• Don’t use judgmental language. No one responds well to being spoken to in language that drips with judgment. A condescending tone will just turn off the compulsive hoarder to the point that they won’t hear any of what you have to say. Before you utter words along the lines of, “What a mess! What are you thinking?” keep your cool. How would you feel if someone talked to you like that?
  • Avoid using words that devalue the person’s belongings. Keep in mind that the stuff compulsive hoarders hold on to has meaning to them. You may not be able to see it or even be repulsed by what you see, smell, touch and hear, but watch out for using words that give away your thoughts. This means you forgo calling their stuff trash, garbage or junk.
  • Monitor your nonverbal expressions so you don’t convey what you’re thinking. A compulsive hoarder will pick up like radar on your grimaces, frowns, smirks and other expressions that convey judgment and distaste.
  • Don’t make suggestions about throwing out items. Even though your comments may be well-meaning, compulsive hoarders aren’t likely to receive them that way. All they know is that you’re trying to get them to part with their treasures.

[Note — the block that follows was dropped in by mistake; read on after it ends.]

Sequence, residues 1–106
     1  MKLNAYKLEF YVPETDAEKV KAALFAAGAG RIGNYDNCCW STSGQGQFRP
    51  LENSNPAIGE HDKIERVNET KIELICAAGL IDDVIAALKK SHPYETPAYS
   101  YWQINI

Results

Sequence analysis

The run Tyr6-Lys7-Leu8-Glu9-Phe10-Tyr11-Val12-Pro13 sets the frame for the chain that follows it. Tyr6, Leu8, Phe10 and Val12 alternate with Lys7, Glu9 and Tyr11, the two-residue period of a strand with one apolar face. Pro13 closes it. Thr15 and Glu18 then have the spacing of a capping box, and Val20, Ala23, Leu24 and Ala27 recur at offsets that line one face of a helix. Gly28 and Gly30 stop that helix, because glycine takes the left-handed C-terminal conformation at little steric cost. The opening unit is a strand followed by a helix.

• Steer clear of arguing or trying to persuade the hoarder to get rid of belongings. Arguments and attempts to persuade hoarders are likely to backfire, encouraging them to hold on to the items even more fiercely.
  • No touching the hoarder’s items unless permission is granted. Remember that these are the possessions of the compulsive hoarder. They may be held with deep reverence, even though they look like trash to you. Never just reach out and pick up or touch what belongs to the hoarder – unless you have been granted permission to do so.

Now, here are some things to definitely say:

  • Think how you’d want to be talked to if you were in the hoarder’s shoes. It may be tough for you to do, but try to imagine yourself as the hoarder. How would you want others, especially loved ones, to talk with you? What things would you want them to say to help you manage your frustration, guilt, shame and anger over compulsive hoarding and what it’s done to your life?